The VCA Hospitals advise that when feeding orphaned puppies with a bottle, “Never prepare more milk replacer than can be used within 24 hours.” [2] This highlights the importance of fresh milk from the mother’s nipples for proper nutrition.

In summary, nipples allow newborn puppies to receive the nourishing colostrum and milk they need to survive and thrive in their initial days and weeks.

Nipple Health

Just like human nipples, dog nipples can develop problems that require monitoring and care. Some common nipple issues in male dogs include:

  • Inflammation or redness – This can occur from infection, trauma, or skin irritation. Keeping the area clean and dry can help prevent inflammation.
  • Inverted nipples – Some dogs have nipples that invert or sink into the skin instead of protrude outward. This is usually normal but can make the nipples prone to irritation.
  • Nipple discharge – Fluid or pus leaking from the nipples may indicate an infection or other medical issue requiring veterinary attention.
  • Tumors – While rare, dogs can develop benign or cancerous growths on the nipples. Any lumps or changes should be checked by a vet.

Regularly inspecting your dog’s nipples and keeping the area clean is important to nip any problems in the bud. See your veterinarian if you notice any concerning nipple issues such as bleeding, odor, or skin changes. With prompt care, most nipple problems can be managed or resolved.

For more information, see this veterinary resource: How to Properly Clean Your Dog’s Nipples

Spaying/Neutering Effects

Spaying or neutering a dog can cause changes to the dog’s nipples and mammary glands. When a female dog is spayed, which involves surgical removal of the ovaries and uterus, her body stops producing the hormones estrogen and progesterone. These hormones are responsible for heat cycles and pregnancy in intact female dogs. Without these hormones, the mammary glands will start to shrink, which causes the dog’s nipples to shrink as well (source: https://caninehq.com/effects-of-spaying-on-dogs-nipples/).

The nipples usually begin to shrink within 1-2 months after spaying surgery. However, the amount of shrinkage depends on factors like the dog’s age at time of spay and how many heat cycles she experienced before being spayed. The nipples of dogs spayed at a younger age will generally shrink more than dogs spayed when older. Dogs that were spayed before ever going into heat may have nipples that shrink back down to the size they were before puberty (source: https://petdogowner.com/do-dogs-nipples-shrink-after-spaying/).

In male dogs, neutering or castration involves surgical removal of the testicles, which are the main source of the hormone testosterone. Loss of testosterone causes male dogs’ mammary glands and nipples to shrink over time, similarly to spayed females. However, the effects are usually less pronounced in males (source: https://www.quora.com/My-dog-is-spayed-and-out-of-no-where-her-nipples-are-getting-bigger-and-so-is-her-private-part-We-did-take-her-to-the-vet-but-they-said-it-s-just-probably-because-she-licks-that-part-a-lot-But-it-s-been-weeks-and).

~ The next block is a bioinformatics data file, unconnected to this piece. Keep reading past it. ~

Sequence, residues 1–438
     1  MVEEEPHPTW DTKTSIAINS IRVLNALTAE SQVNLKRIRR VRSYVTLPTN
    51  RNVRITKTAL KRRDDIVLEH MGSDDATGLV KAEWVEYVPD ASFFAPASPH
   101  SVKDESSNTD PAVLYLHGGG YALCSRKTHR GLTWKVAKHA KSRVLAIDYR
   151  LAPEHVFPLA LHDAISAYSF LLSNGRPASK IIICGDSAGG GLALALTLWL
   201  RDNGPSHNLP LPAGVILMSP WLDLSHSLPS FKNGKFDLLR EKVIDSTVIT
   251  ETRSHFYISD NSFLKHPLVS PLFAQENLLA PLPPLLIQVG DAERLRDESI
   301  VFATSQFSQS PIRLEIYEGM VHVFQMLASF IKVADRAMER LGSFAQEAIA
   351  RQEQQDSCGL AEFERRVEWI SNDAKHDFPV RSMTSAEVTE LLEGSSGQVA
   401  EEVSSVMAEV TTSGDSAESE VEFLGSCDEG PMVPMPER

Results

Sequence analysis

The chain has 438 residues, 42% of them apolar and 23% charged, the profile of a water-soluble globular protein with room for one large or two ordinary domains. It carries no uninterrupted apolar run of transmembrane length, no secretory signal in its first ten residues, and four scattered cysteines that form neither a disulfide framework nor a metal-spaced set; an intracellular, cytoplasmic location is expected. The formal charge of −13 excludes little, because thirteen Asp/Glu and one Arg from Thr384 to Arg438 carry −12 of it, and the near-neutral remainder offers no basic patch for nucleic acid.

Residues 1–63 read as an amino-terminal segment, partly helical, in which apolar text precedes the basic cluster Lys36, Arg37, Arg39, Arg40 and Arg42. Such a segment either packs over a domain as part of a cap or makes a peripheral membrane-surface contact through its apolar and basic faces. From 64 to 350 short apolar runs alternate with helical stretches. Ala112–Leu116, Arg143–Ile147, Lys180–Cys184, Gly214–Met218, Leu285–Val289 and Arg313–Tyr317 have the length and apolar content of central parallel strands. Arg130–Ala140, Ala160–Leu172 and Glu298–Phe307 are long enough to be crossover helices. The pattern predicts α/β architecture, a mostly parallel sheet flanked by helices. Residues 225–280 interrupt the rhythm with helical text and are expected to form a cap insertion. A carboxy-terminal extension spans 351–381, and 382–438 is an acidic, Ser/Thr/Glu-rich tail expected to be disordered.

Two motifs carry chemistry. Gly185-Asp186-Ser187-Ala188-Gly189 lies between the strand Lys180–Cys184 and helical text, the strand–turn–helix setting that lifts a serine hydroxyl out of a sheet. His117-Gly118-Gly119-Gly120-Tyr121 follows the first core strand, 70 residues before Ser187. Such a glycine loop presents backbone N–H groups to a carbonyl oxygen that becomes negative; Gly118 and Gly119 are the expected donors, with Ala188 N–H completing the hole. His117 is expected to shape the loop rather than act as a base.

Fun Nipple Facts

Did you know that the number of nipples a dog has actually varies? According to https://www.dogster.com/dog-health-care/dog-nipples, the number can range from 6 to 10 on average.

Also, puppies don’t actually nurse from every nipple! The AKC says they tend to find one or two favorite nipples to feed from. So those extra nipples come in handy if their favorites are already being nursed on by another puppy in the litter.

Additionally, some dogs can even develop an extra nipple later in life. Though rare, this is called a polythelia and can occur from hormone imbalances. So if you notice an odd new bump, get your vet to check it out.

Finally, hair does not normally grow around dog nipples. So if you see some furry nipples, it could be a sign of a hormonal disorder according to https://www.akc.org/expert-advice/health/male-dogs-nipples/. As always, consult your vet if something seems abnormal.


In summary, male dogs have anywhere from 8 to 10 nipples due to biology and the evolution of the mammal. While most male dog nipples serve no real purpose, they are still a normal part of canine anatomy. Understanding the number and appearance of a dog’s nipples can help owners monitor their health and identify any issues early on. The takeaway is that those seemingly useless nipples on your male pup are not abnormal – they are simply leftovers from ancient canine ancestors who needed them for feeding large litters. So the next time you notice your male dog’s surplus of nipples, no need to be alarmed – it’s just a quirk of nature!